Procol Harum

the Pale

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Broken Barricades

Contemporary album advertisement

John Mendelssohn was not well-served by the clumsy typesetters – nor the art-director – of this Broken Barricades advertisement, which appeared as a full-page Melody Maker advertisement in 1971. The article is unmistakably anti-Hammond, which is strange for a Procol Harum fan, yet it resonates with  his comments about Matthew Fisher thirty-three years later in his  fictionalised Kate Bush biography.

Procol Harum – Broken Barricades – Released June 11th

They began, for better or worse, as superheroes at the most superheroic of rock and roll moments. At Monterey ten thousand portable radios filled the electric June air with A Whiter Shade of Pale while four million around the globe skipped the light fandango.

It was soon discovered that they were not flamboyant by nature, that they spoke quietly, dressed not at all like rainbows, and were very serious about their work. No sooner had Homburg faded from the airwaves than all save a fortunately devoted hundred thousand or so proceeded to forget about them with all undue haste.

No matter. Nothing, neither critical miscomprehension nor mass neglect nor the fickle permutations of musical fashion were to deflect them from the pursuit of their musical vision.

While their contemporaries bellowed Mah bay-bee left me in third-hand deltaese they shone on brightly with an astonishingly ambitious seventeen-minutes stroll through the mystical/spiritual galleries. In held 'twas in they, and nothing, being better left unsaid, was left unsaid.

Keith Reid went out rowing and returned with a pack of Brechtian words about weeping sailors lost amidst a stormy sea which his fellows set to appropriately symphonic music, while the devil, having come from Kansas, made pilgrim’s progress down crucifiction lane to an entire panorama of musical styles on the soundtrack. How many moons and many Junes have passed since we made love [sic]? Keith asked.

David Knights, reticent bass-player, and Matthew Fisher, organist, departed, the latter taking with him, to the relief of many, the omnipresent liturgical organ that had inspired some to accuse them of knowing but one song.

Joyously, Trower, playing the most expressive lead guitar in all the rock cosmos, stepped forward and Brooker sang with increased passion, the two combining to simulate a musical Learjet ride on whisky train.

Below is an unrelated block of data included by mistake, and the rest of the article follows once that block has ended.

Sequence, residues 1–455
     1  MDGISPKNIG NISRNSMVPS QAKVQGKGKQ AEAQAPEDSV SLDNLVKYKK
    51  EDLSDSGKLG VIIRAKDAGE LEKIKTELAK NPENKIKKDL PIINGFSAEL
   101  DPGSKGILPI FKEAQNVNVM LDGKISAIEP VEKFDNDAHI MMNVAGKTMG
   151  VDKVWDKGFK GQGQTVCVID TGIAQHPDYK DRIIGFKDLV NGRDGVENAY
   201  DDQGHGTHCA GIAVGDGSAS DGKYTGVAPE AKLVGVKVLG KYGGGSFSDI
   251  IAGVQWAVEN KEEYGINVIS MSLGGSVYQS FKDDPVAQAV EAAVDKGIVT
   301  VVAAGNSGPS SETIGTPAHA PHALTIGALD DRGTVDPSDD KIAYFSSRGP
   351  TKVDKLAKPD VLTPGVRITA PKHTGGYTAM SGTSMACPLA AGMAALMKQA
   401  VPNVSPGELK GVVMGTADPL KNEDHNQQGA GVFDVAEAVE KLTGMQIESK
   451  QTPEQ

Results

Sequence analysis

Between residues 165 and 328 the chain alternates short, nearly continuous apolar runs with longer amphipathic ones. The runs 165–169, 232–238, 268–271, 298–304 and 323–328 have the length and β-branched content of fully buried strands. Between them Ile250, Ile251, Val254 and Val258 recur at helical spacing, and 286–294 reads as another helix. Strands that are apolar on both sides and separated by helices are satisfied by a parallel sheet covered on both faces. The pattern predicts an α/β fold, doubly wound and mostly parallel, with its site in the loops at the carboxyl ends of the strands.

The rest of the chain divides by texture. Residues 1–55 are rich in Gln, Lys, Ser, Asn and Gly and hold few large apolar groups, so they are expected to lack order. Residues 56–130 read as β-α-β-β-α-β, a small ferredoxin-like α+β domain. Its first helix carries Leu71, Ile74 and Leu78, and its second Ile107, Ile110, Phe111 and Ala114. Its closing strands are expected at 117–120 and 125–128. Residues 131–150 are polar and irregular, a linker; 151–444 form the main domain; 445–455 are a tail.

Reid wrote an alubm [sic] about death. Draw your own conclusions.

On tour to provoke interest in Home they demonstrated themselves, made their audiences feel more exhilaratingly alive than ever before, in spite of the premature obituaries yawned by a devotedly condescending press. Draw your own conclusions.

They’ve been unnecessarily elusive at times, and always they’ve failed to stack success on success, owing both to what until now has been consitently [sic] cretinous management and to an instinctiveness [sic] wariness of superstardom. They’ve made musical mistakes too, sublimating Trower for too long, setting themselves right up for occasionally reasonable accusations of narrowness by allowing Fisher’s organ to turn many songs into junior whiter shades of pale.

Still, they’ve made some of the most beautiful music of our times, and, as I write this, with the utterly devastating Broken Barricades streaming in from the living room, I'm convinced, as I have been for at least a fortnight following their very local performance or my first encounter with their every latest album, that there are no more than three finer rock bands in the universe than Procol Harum.

Rest in peace hereafter.

John Ned Mendelsohn [sic]

Thanks, Jill, for the typing

Same album: some reviews

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